The efficiency gap is mired in a plethora of problems, both methodological and quantitative. There is not nearly enough time or space to fully document them all here. The biggest single problem with the efficiency gap is that it assumes that political populations are relatively evenly dispersed geographically. Scientific literature and common-sense experience do not support that assumption. Currently, Democrats in the United States are mostly clustered in urban areas, while Republicans tend to inhabit more suburban and rural areas. . . . This asymmetrical grouping of voters has real-world consequences on attempts to form legislative districts using traditional districting criteria (compactness, contiguity, equal population etc.). Traditional districting criteria exist, at least in part, to give courts and map makers some guidelines for evaluating maps to ensure compliance with the equal protection clause of the Constitution. Given the focus that the Supreme Court has placed on the shapes of districts, the lower court could be forgiven for rejecting the challenged maps in Wisconsin’s Act 43 if the shapes of the district boundaries were particularly egregious. They were not. The plaintiffs in this case even conceded that the challenged districts were relatively compact and contiguous and that they met the requirements of “one-person one-vote.” . . . However, the two-judge district court majority, in a novel approach, eschewed traditional districting criteria in favor of the efficiency-gap test in order to rule that Republicans had given themselves an overwhelming unconstitutional electoral advantage over the life of Act 43.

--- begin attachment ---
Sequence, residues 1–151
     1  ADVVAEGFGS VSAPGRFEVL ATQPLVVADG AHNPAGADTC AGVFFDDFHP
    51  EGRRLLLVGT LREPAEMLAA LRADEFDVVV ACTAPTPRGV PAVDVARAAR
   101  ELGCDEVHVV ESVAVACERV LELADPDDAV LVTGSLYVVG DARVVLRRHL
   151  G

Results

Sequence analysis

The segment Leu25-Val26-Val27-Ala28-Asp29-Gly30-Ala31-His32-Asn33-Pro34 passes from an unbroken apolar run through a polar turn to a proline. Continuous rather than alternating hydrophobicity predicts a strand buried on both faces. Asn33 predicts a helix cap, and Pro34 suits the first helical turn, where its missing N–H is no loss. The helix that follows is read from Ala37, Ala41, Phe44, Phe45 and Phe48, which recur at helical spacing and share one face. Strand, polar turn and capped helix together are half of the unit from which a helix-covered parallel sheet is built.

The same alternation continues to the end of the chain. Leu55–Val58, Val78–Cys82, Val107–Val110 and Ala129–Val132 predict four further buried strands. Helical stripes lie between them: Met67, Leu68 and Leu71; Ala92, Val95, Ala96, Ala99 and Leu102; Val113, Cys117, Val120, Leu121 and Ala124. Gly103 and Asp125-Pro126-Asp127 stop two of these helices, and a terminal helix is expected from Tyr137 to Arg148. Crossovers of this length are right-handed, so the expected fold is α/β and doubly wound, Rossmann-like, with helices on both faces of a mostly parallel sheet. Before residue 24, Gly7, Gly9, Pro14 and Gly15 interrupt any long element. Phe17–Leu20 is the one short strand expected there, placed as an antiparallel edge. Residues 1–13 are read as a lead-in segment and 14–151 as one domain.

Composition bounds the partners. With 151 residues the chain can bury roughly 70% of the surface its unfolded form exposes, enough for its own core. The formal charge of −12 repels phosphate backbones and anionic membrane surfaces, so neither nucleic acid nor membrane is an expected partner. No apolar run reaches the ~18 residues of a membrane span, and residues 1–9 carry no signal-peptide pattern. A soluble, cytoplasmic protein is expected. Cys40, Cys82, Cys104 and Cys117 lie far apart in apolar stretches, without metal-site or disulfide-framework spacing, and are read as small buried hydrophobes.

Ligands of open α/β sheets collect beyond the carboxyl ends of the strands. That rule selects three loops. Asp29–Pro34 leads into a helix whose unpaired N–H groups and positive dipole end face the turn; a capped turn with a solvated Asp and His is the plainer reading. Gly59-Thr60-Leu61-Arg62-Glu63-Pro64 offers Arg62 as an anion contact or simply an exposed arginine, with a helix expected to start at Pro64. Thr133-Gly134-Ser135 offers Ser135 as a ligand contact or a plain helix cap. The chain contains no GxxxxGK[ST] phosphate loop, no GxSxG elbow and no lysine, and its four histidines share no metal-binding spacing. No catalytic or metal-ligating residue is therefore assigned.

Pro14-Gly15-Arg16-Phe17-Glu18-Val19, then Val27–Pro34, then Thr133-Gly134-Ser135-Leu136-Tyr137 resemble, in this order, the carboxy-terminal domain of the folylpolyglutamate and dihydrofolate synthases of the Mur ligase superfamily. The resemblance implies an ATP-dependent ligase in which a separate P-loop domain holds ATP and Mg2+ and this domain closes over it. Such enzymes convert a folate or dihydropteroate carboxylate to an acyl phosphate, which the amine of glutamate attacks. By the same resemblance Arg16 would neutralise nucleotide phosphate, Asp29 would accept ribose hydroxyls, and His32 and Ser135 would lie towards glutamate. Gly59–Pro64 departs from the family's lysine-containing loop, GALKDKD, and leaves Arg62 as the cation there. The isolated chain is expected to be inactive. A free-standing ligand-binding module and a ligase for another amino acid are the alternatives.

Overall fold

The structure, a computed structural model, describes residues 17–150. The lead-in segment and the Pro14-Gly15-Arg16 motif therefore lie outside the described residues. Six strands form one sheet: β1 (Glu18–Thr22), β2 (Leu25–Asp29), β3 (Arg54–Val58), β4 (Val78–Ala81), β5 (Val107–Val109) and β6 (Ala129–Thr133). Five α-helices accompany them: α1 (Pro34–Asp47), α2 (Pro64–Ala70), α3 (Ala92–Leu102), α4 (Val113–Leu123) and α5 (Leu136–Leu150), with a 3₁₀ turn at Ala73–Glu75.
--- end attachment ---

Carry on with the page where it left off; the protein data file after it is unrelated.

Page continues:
The district court ignored the actual impact that its decision will have. Compactness, as Kennedy said in Vieth, helps Republicans because of the effect of political geography. In order to comply with this new efficiency-gap standard, the Wisconsin General Assembly would have to create maps that are less compact and contiguous. The Supreme Court has long lamented the snakes, “sacred Mayan bird[s],” “Rorschach ink-blot test[s]” and “uncouth twenty-eight-sided figure[s]” that creative cartographers have made into legislative districts. Yet, in this case, the challengers are asking the court to force state legislatures across the country to fix the Democrats’ political geography problem by ignoring years of precedent to make less compact and contiguous maps. The court should roundly reject this invitation.